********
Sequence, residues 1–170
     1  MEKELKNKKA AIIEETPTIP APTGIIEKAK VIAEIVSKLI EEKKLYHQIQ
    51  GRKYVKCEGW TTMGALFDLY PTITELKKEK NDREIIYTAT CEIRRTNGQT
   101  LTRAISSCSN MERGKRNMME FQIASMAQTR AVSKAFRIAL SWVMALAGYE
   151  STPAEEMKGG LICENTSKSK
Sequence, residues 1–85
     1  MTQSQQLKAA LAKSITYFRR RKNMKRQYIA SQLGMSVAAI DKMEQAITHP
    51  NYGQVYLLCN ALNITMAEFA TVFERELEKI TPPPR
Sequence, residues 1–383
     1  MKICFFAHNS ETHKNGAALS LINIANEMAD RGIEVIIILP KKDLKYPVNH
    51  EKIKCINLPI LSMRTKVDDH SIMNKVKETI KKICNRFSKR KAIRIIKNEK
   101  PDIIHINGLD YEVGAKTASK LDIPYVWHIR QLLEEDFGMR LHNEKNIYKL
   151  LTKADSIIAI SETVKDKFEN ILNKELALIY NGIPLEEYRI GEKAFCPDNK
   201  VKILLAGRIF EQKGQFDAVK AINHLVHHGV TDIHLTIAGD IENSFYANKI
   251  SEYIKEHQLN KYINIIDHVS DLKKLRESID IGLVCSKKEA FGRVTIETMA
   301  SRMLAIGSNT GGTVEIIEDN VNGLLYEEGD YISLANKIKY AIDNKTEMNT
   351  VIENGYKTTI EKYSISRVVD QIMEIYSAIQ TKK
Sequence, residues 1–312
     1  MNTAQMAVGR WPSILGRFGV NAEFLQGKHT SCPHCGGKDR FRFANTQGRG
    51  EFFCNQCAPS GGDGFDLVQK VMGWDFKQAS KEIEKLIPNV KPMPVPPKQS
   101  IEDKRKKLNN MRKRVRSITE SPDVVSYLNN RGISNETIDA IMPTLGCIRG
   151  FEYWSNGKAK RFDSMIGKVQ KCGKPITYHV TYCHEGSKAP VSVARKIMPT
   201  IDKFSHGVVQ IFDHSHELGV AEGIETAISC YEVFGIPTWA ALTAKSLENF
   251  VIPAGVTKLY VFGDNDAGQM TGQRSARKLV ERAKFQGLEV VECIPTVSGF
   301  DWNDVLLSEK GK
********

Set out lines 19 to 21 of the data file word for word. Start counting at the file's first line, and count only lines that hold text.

     1  MNTAQMAVGR WPSILGRFGV NAEFLQGKHT SCPHCGGKDR FRFANTQGRG
    51  EFFCNQCAPS GGDGFDLVQK VMGWDFKQAS KEIEKLIPNV KPMPVPPKQS
   101  IEDKRKKLNN MRKRVRSITE SPDVVSYLNN RGISNETIDA IMPTLGCIRG